Conversely, over the same span, technology hardware has risen to become 9.0% of the global growth index (previously 5.1%) while remaining below 1% of the global value index over the last two decades. This not only makes diversification within style more difficult to achieve, but also suggests that secular changes — as they relate to industry — have become more influential for returns.

Top five industries for MSCI World Value and MSCI World Growth indexes

This chart shows the top five industries for the MSCI World Value Index and the MSCI World Growth Index by weight as of December 31, 2020. Banks, the largest industry in the value index, made up 10.7% of the value index and 0.2% of the growth index. Pharmaceuticals, the second-largest industry in the value index, made up 6.1% of the value index and 4.0% of the growth index. Insurance, the third-largest industry in the value index, made up 5.1% of the value index and and 1.1% of the growth index. Oil, gas and consumable fuels made up 4.7% of the value index and 0.4% of the growth index. Electrical utilities made up 3.6% of the value index and 0.2% of the growth index. For the growth index, the largest industry was software, which made up 12.8% of the growth index and 0.7% of the value index. The second-largest industry was technology hardware storage and peripherals, which made up 9% of the growth index and 0.6% of the value index. The third-largest industry was interactive media and services, which made up 7.6% of the growth index and 0.1% of the value index. The fourth-largest was Internet & direct marketing retail, which made up 6.9% of the growth index and 0.2% of the value index. The fifth-largest was IT services, which made up 6.6% of the growth index and 2.8% of the value index.

Source: FactSet. Data as of December 31, 2020.

4. Intangible assets are making valuation more complex

The rise of the knowledge economy over the last three decades has led to a significant rise in intangible assets.

With technology infiltrating a broader range of companies and industries, intangibles are likely to become a larger component of many firms’ assets. A classic value-growth framework that separates stocks based on valuation metrics may not fully capture how a company creates value; as a result, this framework may be less helpful to investors searching for long-term winners.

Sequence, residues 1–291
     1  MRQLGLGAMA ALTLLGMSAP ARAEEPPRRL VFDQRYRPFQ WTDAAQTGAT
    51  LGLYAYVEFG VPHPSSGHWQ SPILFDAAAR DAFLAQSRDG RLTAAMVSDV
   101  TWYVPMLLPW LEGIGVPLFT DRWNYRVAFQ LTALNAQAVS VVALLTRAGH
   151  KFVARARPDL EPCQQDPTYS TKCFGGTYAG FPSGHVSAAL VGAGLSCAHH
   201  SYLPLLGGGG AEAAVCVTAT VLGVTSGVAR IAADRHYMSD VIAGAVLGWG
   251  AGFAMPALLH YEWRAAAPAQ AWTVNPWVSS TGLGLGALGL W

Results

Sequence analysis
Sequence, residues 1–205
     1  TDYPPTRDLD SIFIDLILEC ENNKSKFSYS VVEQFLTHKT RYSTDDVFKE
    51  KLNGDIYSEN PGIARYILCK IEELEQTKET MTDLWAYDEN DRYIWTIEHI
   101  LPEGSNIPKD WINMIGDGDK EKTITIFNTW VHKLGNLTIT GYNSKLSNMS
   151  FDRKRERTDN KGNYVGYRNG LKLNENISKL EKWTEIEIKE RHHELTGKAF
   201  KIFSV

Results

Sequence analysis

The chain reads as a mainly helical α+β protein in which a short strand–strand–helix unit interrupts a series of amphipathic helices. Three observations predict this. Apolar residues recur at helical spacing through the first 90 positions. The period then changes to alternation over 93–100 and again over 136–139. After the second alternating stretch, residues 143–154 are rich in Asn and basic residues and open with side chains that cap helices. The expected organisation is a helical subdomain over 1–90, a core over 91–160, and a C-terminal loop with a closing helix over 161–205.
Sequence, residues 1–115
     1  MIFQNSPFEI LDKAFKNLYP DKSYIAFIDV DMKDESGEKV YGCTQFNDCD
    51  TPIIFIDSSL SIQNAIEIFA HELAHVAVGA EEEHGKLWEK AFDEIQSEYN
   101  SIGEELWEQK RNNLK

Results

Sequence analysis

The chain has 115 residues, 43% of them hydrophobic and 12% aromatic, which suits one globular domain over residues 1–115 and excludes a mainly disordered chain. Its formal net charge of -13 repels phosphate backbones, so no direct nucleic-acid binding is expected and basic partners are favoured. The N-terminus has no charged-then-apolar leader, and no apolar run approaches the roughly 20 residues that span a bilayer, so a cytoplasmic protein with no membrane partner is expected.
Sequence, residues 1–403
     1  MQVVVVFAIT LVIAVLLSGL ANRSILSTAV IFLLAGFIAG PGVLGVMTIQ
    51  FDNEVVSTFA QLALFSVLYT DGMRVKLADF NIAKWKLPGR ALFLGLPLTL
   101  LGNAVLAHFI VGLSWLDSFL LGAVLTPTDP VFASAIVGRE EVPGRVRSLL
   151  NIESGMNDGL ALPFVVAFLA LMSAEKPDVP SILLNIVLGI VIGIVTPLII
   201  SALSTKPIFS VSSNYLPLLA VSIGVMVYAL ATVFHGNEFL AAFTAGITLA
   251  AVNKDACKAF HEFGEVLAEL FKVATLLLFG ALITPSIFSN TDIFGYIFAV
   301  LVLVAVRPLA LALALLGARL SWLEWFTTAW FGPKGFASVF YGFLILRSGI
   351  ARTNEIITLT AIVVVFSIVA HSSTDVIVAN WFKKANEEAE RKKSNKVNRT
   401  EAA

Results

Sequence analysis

For U.S. equities, the proportion of intangible assets relative to tangible assets has increased by 40% since 1990, leading to an equal representation of both, according to an analysis by Research Affiliates. Intangible assets tend to be non-physical and non-financial (i.e., brand, customer loyalty, research and development) whereas tangible assets are physical, such as warehouses and equipment.

Despite both being significant to understanding company valuations, accounting rules treat internally generated intangibles differently, resulting in distorted book value and earnings. For style investors, this challenges the core ability of understanding a firm’s intrinsic value. The issue is not just isolated to growth companies with high intangibles, such as technology stocks, but in fact affects all stock valuations either on an absolute or relative basis.

This doesn’t make traditional valuation approaches useless, but it does mean investors need to make adjustments to determine true value. Some of the industry have responded by attempting to systematize these adjustments, such as including R&D and even adding a proportion of operating expenses.

However, this may still grossly underestimate the contribution of intangibles relating to organizational capital — an area that has shot up significantly and is often unique to the make-up of a firm. Many of these items are difficult to measure, not included on financial statements and require different amortization methods to reflect their alignment to revenue contribution. As a result, a quantitative assessment will not suffice. Instead, a bottom-up approach is warranted to benefit from company-specific analysis and qualitative judgment.

Implications for long-term investors

The secular shifts we’ve discussed here call into question whether we can rely on the persistence of value and growth rotation cycles going forward. It’s clear that value and growth investing is becoming more nuanced as digitalization advances and business models evolve. We see this with banks, which are confronting the threat of FinTech, and with energy companies, which are embracing renewables.

Meanwhile, changing industry composition and a rise in intangible assets are challenging traditional valuation measures. As a result, the distinction between growth and value stocks has become less meaningful. For investors, this means:

  • Looking across value and growth universes to find attractive opportunities that can help them meet their long-term objectives, regardless of whether a rotation is here to stay.
  • The disruptive new forces described support a bottom-up approach to understanding a company’s true value.

Nisha Thakrar is a client solutions specialist with 19 years of industry experience (as-of 12/31/2021). She holds a master’s degree from University College London. 

Brett Hammond is a research leader with 27 years of industry experience as of 12/31/21. He holds a PhD from the Massachusetts Institute of Technology and a bachelor's degree in economics and political science from the University of California, Santa Cruz.